JAN 2014

EyeWorld is the official news magazine of the American Society of Cataract & Refractive Surgery.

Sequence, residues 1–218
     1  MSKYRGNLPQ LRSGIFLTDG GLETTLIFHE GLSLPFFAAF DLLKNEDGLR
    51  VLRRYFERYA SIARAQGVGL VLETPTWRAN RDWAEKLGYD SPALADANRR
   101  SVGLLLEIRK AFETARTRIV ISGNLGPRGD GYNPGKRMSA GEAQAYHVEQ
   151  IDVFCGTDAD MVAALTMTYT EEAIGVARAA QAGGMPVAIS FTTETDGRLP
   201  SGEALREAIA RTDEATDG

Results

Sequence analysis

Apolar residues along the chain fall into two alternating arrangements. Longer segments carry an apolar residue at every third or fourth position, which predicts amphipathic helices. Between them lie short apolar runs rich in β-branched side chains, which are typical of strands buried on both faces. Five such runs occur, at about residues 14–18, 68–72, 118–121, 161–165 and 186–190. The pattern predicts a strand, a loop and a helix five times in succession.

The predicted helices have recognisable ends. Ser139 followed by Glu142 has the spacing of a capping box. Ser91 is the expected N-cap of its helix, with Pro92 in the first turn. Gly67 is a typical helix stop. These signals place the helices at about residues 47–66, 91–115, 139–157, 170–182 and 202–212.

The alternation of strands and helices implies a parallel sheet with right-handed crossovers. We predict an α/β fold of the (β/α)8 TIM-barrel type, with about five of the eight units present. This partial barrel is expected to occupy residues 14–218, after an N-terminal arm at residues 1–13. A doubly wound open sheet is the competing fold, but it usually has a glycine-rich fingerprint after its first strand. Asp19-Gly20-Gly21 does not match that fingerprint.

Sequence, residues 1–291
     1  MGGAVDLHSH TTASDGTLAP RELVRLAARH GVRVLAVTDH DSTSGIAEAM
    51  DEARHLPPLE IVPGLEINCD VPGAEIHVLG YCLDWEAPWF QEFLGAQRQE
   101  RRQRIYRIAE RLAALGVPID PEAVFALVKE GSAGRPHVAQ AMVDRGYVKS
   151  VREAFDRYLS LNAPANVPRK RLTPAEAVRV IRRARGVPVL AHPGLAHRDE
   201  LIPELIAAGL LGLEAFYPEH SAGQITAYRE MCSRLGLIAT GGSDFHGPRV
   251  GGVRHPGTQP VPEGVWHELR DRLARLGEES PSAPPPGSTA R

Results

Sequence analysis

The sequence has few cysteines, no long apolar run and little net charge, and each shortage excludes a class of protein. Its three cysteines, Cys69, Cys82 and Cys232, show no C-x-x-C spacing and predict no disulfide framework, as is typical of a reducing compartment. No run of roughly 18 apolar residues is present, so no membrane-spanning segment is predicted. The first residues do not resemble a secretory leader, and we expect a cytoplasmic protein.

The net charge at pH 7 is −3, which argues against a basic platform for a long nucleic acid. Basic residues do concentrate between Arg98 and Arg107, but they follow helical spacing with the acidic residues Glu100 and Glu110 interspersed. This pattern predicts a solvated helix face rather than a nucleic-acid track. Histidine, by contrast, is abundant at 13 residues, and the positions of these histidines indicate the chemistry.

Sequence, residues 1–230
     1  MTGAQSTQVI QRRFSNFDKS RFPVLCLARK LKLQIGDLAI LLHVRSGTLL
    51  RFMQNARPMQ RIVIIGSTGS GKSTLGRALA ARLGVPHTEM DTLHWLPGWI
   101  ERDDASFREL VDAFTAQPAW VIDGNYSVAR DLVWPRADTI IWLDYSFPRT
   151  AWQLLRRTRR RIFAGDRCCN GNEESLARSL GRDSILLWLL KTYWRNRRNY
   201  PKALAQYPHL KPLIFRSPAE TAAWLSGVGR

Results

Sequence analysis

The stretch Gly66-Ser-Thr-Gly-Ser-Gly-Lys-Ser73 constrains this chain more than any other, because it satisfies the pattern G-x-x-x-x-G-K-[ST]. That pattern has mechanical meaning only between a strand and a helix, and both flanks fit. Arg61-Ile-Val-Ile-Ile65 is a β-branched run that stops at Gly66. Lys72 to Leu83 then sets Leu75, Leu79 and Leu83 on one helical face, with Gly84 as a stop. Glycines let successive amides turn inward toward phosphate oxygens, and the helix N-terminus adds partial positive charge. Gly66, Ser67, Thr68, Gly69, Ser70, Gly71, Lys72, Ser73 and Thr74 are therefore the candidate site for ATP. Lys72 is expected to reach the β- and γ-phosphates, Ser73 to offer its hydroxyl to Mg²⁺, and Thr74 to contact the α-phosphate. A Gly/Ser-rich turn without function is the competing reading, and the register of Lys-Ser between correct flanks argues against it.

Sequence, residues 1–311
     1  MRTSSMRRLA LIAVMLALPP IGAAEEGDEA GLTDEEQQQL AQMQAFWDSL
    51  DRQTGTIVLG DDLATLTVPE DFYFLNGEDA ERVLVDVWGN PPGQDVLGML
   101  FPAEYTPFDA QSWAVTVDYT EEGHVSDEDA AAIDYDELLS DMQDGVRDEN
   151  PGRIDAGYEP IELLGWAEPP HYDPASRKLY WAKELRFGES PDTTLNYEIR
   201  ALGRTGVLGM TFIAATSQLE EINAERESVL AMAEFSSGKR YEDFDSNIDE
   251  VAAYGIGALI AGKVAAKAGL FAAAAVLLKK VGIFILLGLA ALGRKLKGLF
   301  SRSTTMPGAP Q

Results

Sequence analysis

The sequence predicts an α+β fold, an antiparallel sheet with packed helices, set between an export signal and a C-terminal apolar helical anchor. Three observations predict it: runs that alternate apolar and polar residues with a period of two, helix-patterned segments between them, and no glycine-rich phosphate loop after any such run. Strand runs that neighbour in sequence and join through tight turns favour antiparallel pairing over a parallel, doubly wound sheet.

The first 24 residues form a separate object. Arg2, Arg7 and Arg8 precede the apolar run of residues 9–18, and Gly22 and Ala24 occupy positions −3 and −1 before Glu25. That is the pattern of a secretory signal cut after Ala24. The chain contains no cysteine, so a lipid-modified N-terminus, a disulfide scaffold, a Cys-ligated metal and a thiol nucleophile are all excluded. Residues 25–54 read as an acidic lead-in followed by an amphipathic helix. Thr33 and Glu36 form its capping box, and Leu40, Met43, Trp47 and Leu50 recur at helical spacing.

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January 2014 Phaco and vitrectomy capsular bag is floppy one can fill the capsular bag with a dispersive viscoelastic to push the bag posteriorly and allow for safe removal of the final lens fragments during phacoemulsification. Similarly, inflating the bag with a dispersive viscoelastic and performing a bimanual irrigation and aspiration approach during cortical cleanup can ease removal in the setting of a floppy bag. An alternative approach is to place a capsular tension ring to re-establish a taut capsule. When dealing with posterior capsule rent, Dr. Fram recommended attempting to make a generous capsulorhexis, around 5.5 to 6.0 mm, to help facilitate the removal of the lens. "The goal is to deliver the lens into the anterior chamber for nuclear disassembly and removal," she said. "Copious use of dispersive viscoelastic in front and behind the lens with gentle viscodissection is also useful in this scenario." and peripheral retinal pathology is warranted in all eyes undergoing cataract surgery after vitrectomy," Dr. Fram said. EW References 1. Wilbrandt HR, Wilbrandt TH. Pathogenesis and management of the lens-iris diaphragm retropulsion syndrome during phacoemulsification. J Cataract Refract Surg. 1994 Jan; 20(1):48-53. 2. Cionni RJ, Barros MG, Osher RH. Management of lens-iris diaphragm retropulsion syndrome during phacoemulsification. J Cataract Refract Surg. 2004 May;30(5):953-6. 3. Nahra D, Pazos-Lopez M, Castilla-Cespedes M. Iris hook as a management technique for lens-iris diaphragm retropulsion syndrome. J Cataract Refract Surg. 2007 Feb;33(2):177. 4. Miyake K, Asakura M, Kobayashi H. Effect of intraocular lens fixation on the blood-aqueous barrier. Am J Ophthalmol. 1984; 98:451-5. EW FEATURE 41 5. V M Ferguson and D J Spalton. Recovery of the blood-aqueous barrier after cataract surgery. Br J Ophthalmol. 1991 February; 75(2): 106–110. Editors' note: The physicians have no financial interests related to this article. Contact information Braga-Mele: rbragamele@rogers.com Fram: nicfram@yahoo.com Huang: Suber.Huang@UHhospitals.org What postop anti-inflammatory regimen do you use in nondiabetic, post-vitrectomy eyes? Dr. Huang said that inflammation can exacerbate most complications of ocular surgery, including proliferative vitreoretinopathy. "I typically use sub-Tenon's dexamethasone 10 mg and cefazolin 50 mg at the end of the case, tobramycin/dexamethasone ointment and homatropine 5% with patch and shield, and a combination drop/homatropine 5% QID," he said. "If inflammation is a particular concern, I add a nonsteroidal anti-inflammatory therapy." Dr. Braga-Mele said her postop routine for these eyes is no different from the treatment she would use in a standard cataract case, unless the case has presented difficulties. "If it's all gone well, then it's my standard routine of using a nonsteroidal antiinflammatory for a total of four to six weeks and a steroid as well," she said. Dr. Fram said that patients who have a history of pars plana vitrectomy may benefit from pre-treatment one week prior to surgery with a topical steroid and NSAID. "Preoperative topical NSAID use can potentially improve perioperative stability of pupillary dilation and address pre-existing retinal pathology such as subclinical macular edema," she said. "Typically, this can be continued for four to six weeks postoperatively." This postoperative regimen correlates with evidence that it could take up to six weeks or longer for the blood-aqueous barrier to recover.4,5 "Careful evaluation of the retina postoperatively for macular edema EXPLORATIONS IN CORNEA, CATARACT, PEDIATRICS, AND RETINA New Orleans Academy of Ophthalmology 63rd Annual Symposium March 21–23, 2014 Hilton Riverside Hotel New Orleans, LA PROGRAM HIGHLIGHTS: FACULTY: • • • • • • • • • • • • • • Riva Lee Asbell, AB, CO Audina Berrocal, MD Edward Buckley, MD Jeffery Daigrepont Terry Kim, MD J. Bradley Randleman, MD Uday Devgan, MD David B. Granet, MD Robert Osher, MD William Rich, MD M. Edward Wilson, MD Sonia H. Yoo, MD Anti-VEGF update Can't code this! New challenges for 2014 Cataract video symposium I and II – Led by Robert Osher Cornea edema after cataract surgery Health care policy – What you need to know now I wish I hadn't done that! – Lessons learned the hard way ICD 10, E.H.R., Practice management Managing the atypical cornea in cataract surgery Surgical time in femtosecond vs. conventional cataract surgery State of the art: Pediatric cataract surgery Strategies for LASIK retreatments Troubleshooting the unhappy premium IOL patients Update on collagen cross-linking What am I doing wrong here? Learning from tough cataract cases For more information, call 504-861-2550, email: meetings@noao.org. information, Online registration and hotel information available at www.noao.org. information www.noao.org. An outstanding independent provider of continuing medical education for over 60 years. The New Orleans Academy of Ophthalmology is accredited by the Accreditation Council for Continuing Medical Education to provide continuing medical education for physicians.

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